Once similarity intuition has been built with circles, we can start getting into more specific relationships with angles and segments. This post will look at using visual information from central angles and inscribed angles.
Students sometimes lack intuition for the measure of something. Andrew Stadel has developed this idea into a thorough curriculum on estimation. In my classes we started reasoning through similar exercises. Once we had a decent understanding of circle parts and whole, we moved on to other types of angles.
At this point most students have the common sense that a circle has 360 degrees, and a triangle is half that at 180 degrees. Built with this intuition in mind, we look at a triangle created by inscribed angles.
The next day we get to see the formula that collapses 3 ideas down to 1.
Dynamic Angles in…
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This was me:
We are doing a unit on statistics in Integrated Math 1. So far, I’m loving it (way more than I thought I would).
When I thought of basic statistics appropriate for High/Middle school, my mind wandered toward mean, median and mode. I could work with these concepts decently enough. I even understood how they were similar yet different. Only now that statistics is a larger part of the CCSS curriculum am I taking it more seriously (better late than never). We (myself and other integrating math 1 teachers in my district) are doing a unit that includes the basic descriptive statistics. Now we’re working our way through linear regression and my appreciation for the content is increasing, in a concave up sort of way. I’m see the big picture, or at least starting to.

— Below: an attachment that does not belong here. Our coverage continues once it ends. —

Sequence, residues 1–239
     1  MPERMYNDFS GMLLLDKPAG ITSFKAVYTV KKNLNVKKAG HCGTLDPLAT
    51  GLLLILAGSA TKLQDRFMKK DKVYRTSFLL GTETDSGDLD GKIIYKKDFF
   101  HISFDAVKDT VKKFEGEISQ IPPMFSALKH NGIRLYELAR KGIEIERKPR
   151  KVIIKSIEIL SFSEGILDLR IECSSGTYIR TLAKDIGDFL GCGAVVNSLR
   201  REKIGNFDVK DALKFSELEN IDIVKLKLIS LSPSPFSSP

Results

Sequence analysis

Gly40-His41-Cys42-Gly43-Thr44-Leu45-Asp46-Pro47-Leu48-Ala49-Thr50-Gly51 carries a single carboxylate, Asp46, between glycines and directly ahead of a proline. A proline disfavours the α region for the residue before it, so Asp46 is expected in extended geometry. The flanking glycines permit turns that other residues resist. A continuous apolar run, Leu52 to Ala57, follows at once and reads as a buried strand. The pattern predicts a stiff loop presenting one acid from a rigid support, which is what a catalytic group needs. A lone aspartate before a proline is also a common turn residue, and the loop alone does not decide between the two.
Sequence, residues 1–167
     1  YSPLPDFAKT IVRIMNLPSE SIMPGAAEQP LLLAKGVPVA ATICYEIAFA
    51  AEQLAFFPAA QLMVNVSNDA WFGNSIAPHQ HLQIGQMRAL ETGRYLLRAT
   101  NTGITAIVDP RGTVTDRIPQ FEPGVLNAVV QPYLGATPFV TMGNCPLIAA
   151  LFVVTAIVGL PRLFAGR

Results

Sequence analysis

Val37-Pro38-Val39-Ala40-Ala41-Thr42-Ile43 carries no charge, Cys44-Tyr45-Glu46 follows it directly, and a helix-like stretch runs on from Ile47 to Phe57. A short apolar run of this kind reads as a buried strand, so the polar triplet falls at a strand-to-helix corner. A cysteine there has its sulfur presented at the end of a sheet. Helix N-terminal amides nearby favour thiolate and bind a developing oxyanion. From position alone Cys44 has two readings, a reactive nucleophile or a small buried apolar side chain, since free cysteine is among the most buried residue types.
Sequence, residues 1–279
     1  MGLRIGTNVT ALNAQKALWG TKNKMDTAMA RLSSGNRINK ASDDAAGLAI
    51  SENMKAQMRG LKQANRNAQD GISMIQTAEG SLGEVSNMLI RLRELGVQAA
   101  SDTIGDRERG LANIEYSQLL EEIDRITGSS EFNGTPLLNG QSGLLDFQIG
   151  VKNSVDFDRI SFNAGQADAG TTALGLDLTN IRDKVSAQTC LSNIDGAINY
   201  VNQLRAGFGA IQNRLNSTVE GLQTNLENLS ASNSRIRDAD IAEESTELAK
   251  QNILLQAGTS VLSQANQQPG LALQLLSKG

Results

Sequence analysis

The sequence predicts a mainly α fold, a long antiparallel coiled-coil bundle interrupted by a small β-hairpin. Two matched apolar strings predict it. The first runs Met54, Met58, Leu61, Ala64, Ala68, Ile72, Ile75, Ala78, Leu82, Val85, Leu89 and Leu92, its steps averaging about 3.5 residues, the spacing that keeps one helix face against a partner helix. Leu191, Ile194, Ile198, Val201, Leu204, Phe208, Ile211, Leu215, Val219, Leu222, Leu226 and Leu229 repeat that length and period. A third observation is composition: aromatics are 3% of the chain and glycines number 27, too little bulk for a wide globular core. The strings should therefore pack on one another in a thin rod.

First, we had covered the basics of descriptive statistics at the beginning of the school year. We included some fun activities getting data from various things the students were involved with. Recently we reviewed the content courtesy of some awesome practice via Khan Academy. Yesterday and today the topic was correlation. We focused on developing intuition and applying such insight toward predictions. We used a great activity from @yummymath to try and make a prediction for how much the lifetime gross of Amazing Spiderman 2 will be. We were able to also incorporate @desmos into the work to get some more pretty graphs. Early next week our content team plans to continue with this topic going further and using some data from the students in the classroom.
The awesomeness today came from multiple students having the conversation about the strength of the correlation in a data set was only so-so because there were a few outliers that weren’t close to our guess for a line of best fit. One student even used language like, “it’s not that strong cause it varies too much off the line.” I didn’t prompt them to do it. Nobody did. They came up with half or more of the academic language without me defining it for them. The students covered nearly all, if not all, of the CCSS SMPs with very little explicit direction on my part.
I feel slightly ashamed to not have had this appreciation for statistics before. #facepalm If you’re not including statistics and probability as a large part of your math curriculum, please ask yourself, “Why not?” I consider myself a math geek and now I’m gaining a better overall understanding of how Stats ties in. The support and opportunity it provides with math modeling and critiquing the arguments of others is invaluable. I used to think that statistics was too “fuzzy” for me. Not anymore.
This is Anthony (aka best bud):
We were playing this: